As a general rule, a Washington felony is a criminal charge which carries over a year in custody as a potential consequence. There are some exceptions to this (unranked felonies), but for the most part, felonies provide consequences than a simple misdemeanor or gross misdemeanor.

Washington state courts utilize a point system, where your prior criminal history (in Washington and other states) and the nature of the charges currently pending against you dictate the standard “range” of jail or prison time that you are facing. The number of “points” on your score will determine how high your “range” should be. If the Court finds exceptional reasons, it can depart from the “standard” range, and impose a lower sentence than the low end, or a higher sentence than the high end.  At least one specific aggravating circumstance is necessary to be found by the Court to allow an “exceptional up” (or higher than the standard range). At least one specific mitigating factor is necessary to allow an “exceptional down” (lower than the standard range). These factors must be either agreed to by the parties, or it must be proved to the Court before it can be used to affect sentencing on a felony offense.

If you are charged with a Class A felony, the maximum possible sentence is a life in prison, or by a fine in an amount fixed by the court of fifty thousand dollars, or by both such confinement and fine. For a class B felony, the maximum possible sentence is confinement in a state correctional institution for a term of ten years, or by a fine in an amount fixed by the court of twenty thousand dollars, or by both such confinement and fine. For a class C felony, the maximum possible sentence is confinement in a state correctional institution for five years, or by a fine in an amount fixed by the court of ten thousand dollars, or by both such confinement and fine.

Determining exactly the range and consequences that you may be facing is sometimes a complicated and daunting calculation. Hiring a felony attorney who knows this area of law will allow you to have the best information in order to make a decision regarding your case.

Enhancements can be added to standard ranges in several circumstances, all which must be proven by the State or agreed to by the parties. These enhancements are mandatory, and run consecutive to other sentencing provisions, without alternatives (meaning the time must be served in total confinement). Some examples of enhancements to Washington State felonies: using a firearm in the course of the crime, using another deadly weapon (like a knife) in the course of the crime, involving a minor in gang-related activity, offering or accepting sexual acts in exchange for a fee, having sexual motivation behind the acts which constitute the crime. Enhancements are sometimes much more serious ranges of time in custody than the standard range itself. The enhancements are often used in plea negotiations to create or subtract consequences from the sentencing which would follow from a felony plea. Adding enhancements prior to felony trial is a way for the prosecution to “raise the stakes.” It is important to retain a felony lawyer who is well-versed in Washington laws to protect your personal freedom and guard against difficult and irrevocable consequences which come from a complex felony plea agreement or sentence.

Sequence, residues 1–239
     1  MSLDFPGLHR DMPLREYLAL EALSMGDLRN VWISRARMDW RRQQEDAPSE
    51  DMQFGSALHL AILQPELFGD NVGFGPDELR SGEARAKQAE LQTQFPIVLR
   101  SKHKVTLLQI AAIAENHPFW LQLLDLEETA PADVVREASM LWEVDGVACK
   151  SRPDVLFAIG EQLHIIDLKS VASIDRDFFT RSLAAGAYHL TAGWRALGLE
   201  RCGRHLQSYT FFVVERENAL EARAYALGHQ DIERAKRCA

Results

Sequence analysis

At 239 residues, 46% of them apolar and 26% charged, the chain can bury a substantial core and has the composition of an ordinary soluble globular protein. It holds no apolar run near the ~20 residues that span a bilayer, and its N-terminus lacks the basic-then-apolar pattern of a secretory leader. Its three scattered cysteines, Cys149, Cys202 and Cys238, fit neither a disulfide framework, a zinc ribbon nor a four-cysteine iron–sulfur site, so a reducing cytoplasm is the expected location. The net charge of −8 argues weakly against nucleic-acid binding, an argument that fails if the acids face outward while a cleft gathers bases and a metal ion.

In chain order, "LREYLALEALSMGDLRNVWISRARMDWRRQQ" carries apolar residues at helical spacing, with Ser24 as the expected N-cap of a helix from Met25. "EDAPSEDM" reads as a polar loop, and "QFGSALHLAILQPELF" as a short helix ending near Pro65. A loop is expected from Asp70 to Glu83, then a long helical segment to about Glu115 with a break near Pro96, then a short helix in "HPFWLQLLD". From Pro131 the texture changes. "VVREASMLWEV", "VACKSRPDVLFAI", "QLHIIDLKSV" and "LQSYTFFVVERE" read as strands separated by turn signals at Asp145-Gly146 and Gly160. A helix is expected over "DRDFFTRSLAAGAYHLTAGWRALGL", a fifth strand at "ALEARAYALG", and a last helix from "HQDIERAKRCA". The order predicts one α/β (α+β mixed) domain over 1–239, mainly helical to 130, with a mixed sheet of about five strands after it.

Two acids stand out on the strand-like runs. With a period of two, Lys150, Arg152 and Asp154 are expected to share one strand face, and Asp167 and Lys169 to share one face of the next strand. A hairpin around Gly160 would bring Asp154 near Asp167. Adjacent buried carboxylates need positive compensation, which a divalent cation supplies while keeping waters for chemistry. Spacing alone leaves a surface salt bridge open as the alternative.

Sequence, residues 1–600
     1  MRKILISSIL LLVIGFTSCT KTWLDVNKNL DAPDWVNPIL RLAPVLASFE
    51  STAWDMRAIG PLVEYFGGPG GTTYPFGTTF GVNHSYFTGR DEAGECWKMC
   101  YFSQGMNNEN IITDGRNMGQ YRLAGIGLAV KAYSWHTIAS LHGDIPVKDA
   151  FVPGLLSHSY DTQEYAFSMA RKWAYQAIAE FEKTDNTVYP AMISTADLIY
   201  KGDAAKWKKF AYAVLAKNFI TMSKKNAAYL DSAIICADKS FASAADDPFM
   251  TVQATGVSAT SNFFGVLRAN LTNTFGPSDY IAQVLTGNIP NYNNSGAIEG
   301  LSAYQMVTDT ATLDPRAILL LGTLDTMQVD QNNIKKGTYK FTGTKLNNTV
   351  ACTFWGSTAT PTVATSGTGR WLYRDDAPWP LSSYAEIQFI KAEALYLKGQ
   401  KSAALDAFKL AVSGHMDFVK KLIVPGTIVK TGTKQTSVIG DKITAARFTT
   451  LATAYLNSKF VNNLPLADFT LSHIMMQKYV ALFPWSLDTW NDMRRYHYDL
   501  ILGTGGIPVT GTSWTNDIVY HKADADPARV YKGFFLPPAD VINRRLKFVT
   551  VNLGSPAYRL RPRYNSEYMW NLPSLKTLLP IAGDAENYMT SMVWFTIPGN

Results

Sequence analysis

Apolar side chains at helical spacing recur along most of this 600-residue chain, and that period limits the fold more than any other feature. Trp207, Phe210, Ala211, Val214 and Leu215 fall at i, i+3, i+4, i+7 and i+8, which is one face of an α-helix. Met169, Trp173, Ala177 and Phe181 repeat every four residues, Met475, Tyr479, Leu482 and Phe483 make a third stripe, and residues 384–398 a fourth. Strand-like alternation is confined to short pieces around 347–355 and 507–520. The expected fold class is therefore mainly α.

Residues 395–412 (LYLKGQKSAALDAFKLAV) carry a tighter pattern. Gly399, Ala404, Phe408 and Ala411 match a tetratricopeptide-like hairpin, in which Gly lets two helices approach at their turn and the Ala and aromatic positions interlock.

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The attorneys of Robertson Law have a proven track record of creative and effective advocacy for clients throughout the state of Washington.

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Andy Robertson has a proven track record of creative and effective advocacy for clients facing criminal charges throughout the state of Washington. Ryan Robertson's practice focuses exclusively on high-quality creative appellate representation in criminal and administrative matters, as well as expungements, vacation of records, and petitions to seal.